Pitch meetings are standard in the movie business. You go into a room full of potential financiers to sell them on your idea. You've got three minutes, maximum. It's a tough crowd, so you learn certain ins and outs to up the odds that they'll buy your pitch. Define your characters clearly. Describe the whole arc of the story. Have an "up" ending. Wherever possible, use examples of other movies they may have seen and liked, especially ones that made a bundle at the box office. If your movie is about a secret agent who hides out in a high school to find a killer, you might want to say: "It's like Mission Impossible meets Clueless."
But pitching doesn't just happen in the movie business. Ideas are sold in all walks of life, and frankly, some leave me scratching my head about how they were ever initially pitched. Take the idea that Jewish guys like me refer to as: "Ouch... that idea." Male circumcision. I'd like to have been in on the meeting where that was pitched (and sold!) to the ancient Israelites. Can you imagine? I seem to recall from the Bible that God told Moses, or someone like him, to do it. I mean, I can easily imagine Moses saying to the Israelites: "God has commanded me to lead you forth from slavery. You know, like The Dirty Dozen meets Lawrence of Arabia." Who's going to argue with that? "Hey thanks, Mo. Sounds like a great idea. How much you think it'll cost?"
The 10 Commandments pitch was probably a tougher sell, especially given the part about laying off your neighbor's good-looking wife, though by then Moses had essentially rescued everybody from the Pharoahs, which in Hollywood is known as having a Monster Hit on your hands, so I could see them going along with him pretty readily. He probably just held up the tablets and said: "From now on people, it's gonna be like The Unbearable Lightness of Being meets Papillon."
But circumcision? Even if it wasn't Moses who did the pitch, it certainly wasn't some guy from the American Medical Association with a bunch of charts to justify it medically. No siree. It was some old guy, from ancient times, when science was in its infancy (not to mention blade-sharpening).
So what was the guy's approach, because American Gigolo meets Edward Scissorhands was not going to fly with the desert-wandering crowd. They'd been through enough. Did the guy just one day go: "Hey, I know everybody's been talking about maybe stoning Jacob to death for hitting on Mrs. Esau, but it just so happens I spoke to God last week and he told me that what we really should be doing is chopping off every guy's foreskin." At first everybody was probably like: "What's a foreskin?" because it's not as if anybody had ever seen this as a separate entity. Men have always thought of their packages as supremely indivisible; sort of an all-for-one, one-for-all situation.
So I figure the guy probably tried to explain himself by pointing to the end of his penis, since pointing was an important means of communication back in biblical times, and everyone was like: "Wait a second, are you saying God wants us to cut our shlongs off?"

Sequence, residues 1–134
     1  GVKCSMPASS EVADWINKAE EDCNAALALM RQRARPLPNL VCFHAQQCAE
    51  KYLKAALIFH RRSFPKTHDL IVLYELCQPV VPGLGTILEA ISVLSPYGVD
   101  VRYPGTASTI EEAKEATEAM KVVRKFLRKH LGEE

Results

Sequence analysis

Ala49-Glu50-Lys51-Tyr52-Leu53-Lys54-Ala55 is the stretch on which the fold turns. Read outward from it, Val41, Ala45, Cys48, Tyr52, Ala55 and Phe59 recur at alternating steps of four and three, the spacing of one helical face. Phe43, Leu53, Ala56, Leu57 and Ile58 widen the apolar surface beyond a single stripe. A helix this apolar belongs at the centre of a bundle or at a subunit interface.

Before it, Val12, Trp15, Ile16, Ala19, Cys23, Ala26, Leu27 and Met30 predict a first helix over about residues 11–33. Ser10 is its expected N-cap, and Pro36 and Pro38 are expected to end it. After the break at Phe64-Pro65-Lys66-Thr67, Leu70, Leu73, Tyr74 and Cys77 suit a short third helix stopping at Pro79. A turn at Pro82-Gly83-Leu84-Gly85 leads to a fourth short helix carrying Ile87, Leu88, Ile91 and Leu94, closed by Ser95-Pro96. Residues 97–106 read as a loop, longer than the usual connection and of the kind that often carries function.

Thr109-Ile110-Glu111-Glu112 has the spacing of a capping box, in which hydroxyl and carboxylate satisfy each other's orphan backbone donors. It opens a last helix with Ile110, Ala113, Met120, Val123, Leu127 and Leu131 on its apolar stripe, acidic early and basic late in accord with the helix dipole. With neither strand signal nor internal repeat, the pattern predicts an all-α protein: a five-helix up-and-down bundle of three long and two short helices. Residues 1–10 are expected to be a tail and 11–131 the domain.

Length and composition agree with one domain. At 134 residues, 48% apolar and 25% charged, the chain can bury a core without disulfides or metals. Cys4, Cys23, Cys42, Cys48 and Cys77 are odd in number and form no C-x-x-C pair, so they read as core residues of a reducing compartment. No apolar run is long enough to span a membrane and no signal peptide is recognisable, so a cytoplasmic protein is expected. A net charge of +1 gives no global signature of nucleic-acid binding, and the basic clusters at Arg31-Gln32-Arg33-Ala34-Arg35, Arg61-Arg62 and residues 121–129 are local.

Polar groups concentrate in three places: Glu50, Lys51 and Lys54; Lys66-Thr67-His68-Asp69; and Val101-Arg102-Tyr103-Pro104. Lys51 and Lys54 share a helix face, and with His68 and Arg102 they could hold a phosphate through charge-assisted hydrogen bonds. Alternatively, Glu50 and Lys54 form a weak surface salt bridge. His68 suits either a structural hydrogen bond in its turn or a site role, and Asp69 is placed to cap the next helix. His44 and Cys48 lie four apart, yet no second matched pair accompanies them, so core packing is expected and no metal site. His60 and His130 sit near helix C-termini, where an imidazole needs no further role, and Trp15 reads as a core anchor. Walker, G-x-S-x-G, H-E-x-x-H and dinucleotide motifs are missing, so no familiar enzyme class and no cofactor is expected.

"No man, no. Would you relax?! He only said to cut off the flap at the end of our shlongs. Not the whole thing. "
"Oh. Phew. That's so much better. Of course, I'm not even gonna dignify something so clearly insane, but in the name of the Talmud and open scholarship and all that, may I ask why you think God wants us to cut off the skin at the end of our shlongs?"
"He didn't really say why. And you know God. He doesn't take kindly to being asked why. Hell, half of Cairo is still pulling locusts out of their asses and that was four plagues ago! If you want to ask Him why, you're on your own."
What else could have motivated such a practice among the ancient Hebrews if not the fear of punishment from Above? It surely wasn't the reassurance of anesthesia, which is a Greek word meaning: "Maybe we'll invent painkillers as soon as we invent ancient Greece, in another thousand years or so."
Though some today insist (perhaps wrongly) that circumcision is more hygienic, no one even knew what bacteria were back in Moses' day and even if they had, wouldn't circumcision still be a personal choice? Why the whole everybody's-gotta-do-it mentality? I've heard the argument made that the Jews started circumcising their males to differentiate themselves from the others, but the ancient Egyptians did it too, so if that were the case, it would mean the Jews did it because they also thought it was -- what's the word? Cool?
I suppose we'll never know exactly how the first circumcision pitch went, though its outcome may partially explain why all these millennia later, so many of us are drawn to the movie business. As a wiser Solomon than I might put it, when it comes to big ideas, better to get in on the pitch than to wait for what shows up at a theater near you.
Michael Solomon is an award-winning filmmaker and the author of "Now It's Funny... How I Survived Cancer, Divorce and Other Looming Disasters."